Primary teeth are extremely important. They should be taken care off and everything should be done so they do not develop cavities. However, with permanent teeth showing up, little patients are getting one more big responsibility to keep them healthy, because permanent teeth don’t have replacements. If you ever looked at your teeth, you probably noticed small holes and lines on the chewing surfaces of the teeth. Those are called fissures. Those places exactely are the places where caries development is most usual, since food is easily retained in them and therefore bacteria multiply. When we use the term – fissure sealing, we mean the procedure by which those holes (fissures) are filled with sealants, dental material that prevent the development of teeth cavity.
When is it necessary?
It’s necessary to bring the child for a check-up just before first permanent teeth – so called six year molars come out. The dentist first needs to determine if the coming out of the tooth is done and if the tooth is healthy. If all the conditions are fullfilled, we can say that that tooth is a perfect candidate for fissure sealing. To provide the best possible care for your children’s permanent teeth and to protect them in time, contact our dentists today.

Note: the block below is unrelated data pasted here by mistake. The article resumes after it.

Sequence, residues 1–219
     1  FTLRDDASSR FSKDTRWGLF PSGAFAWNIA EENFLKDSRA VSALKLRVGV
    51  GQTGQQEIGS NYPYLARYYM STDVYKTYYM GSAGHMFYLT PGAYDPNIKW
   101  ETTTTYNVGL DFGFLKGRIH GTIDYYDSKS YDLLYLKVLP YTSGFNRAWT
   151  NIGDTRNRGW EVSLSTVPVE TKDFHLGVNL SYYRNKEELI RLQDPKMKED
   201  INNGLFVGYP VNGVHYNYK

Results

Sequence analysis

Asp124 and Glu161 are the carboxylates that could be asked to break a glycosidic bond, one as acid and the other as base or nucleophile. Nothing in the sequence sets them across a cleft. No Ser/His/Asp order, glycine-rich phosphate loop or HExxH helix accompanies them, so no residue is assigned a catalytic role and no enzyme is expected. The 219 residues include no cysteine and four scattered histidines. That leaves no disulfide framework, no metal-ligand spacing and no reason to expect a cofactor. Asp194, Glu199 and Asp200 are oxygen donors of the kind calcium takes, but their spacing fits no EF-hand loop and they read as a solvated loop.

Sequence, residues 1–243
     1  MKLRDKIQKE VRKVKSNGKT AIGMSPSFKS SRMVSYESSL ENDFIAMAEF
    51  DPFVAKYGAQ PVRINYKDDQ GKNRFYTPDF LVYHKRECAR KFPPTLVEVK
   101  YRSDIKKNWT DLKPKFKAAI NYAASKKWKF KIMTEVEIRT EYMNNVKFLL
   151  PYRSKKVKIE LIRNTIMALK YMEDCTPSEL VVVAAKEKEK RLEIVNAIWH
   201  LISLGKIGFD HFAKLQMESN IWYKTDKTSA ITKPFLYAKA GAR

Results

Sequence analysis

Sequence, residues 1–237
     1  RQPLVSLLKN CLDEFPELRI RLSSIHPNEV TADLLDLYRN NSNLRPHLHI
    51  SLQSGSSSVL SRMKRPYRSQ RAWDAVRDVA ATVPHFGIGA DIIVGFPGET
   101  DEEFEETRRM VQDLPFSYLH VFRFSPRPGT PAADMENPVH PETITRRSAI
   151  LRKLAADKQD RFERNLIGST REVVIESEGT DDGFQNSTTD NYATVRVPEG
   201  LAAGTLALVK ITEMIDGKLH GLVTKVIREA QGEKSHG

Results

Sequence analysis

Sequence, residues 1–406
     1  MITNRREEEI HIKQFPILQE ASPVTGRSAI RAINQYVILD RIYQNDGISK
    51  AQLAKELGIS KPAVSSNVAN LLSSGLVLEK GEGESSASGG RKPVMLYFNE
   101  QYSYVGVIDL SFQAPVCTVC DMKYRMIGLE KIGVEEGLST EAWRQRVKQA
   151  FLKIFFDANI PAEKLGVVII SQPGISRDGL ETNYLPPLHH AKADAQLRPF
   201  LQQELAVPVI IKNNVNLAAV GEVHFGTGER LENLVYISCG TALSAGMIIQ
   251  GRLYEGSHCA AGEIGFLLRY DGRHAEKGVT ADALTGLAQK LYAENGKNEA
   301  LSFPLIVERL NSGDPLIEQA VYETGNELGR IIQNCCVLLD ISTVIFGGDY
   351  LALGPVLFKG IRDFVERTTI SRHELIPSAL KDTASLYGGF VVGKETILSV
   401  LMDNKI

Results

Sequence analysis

How is it done?
If the child is cooperative, it is a procedure that is very short and it lasts less than ten minutes. Also, it is very important to say that it’s completely painless.
- The surface of the tooth needs to be clean, otherwise the sealant will not bond to it properly. The dentist will place a small brush in their dental drill and use abrazive tooth paste to do so. Etching the tooth surface with orthophosphoric acid, so the outher part of the enamel is ready for the sealant.
- A thin layer of sealant is apllied and cured by a light.
The effect of fissure are multiple. It’s not only a physical barrier in between the tooth and bacteria, but the sealant over time releases fluoride as well, which is an important factor in preventing cavities.
Can a sealed tooth go bad?
It’s important to understand that fissure sealing do not replace teeth brushing and maintaining regular oral hygiene. To bring the child to regular preventive check-ups in order to notice possible changes in the teeth in time is also crucial.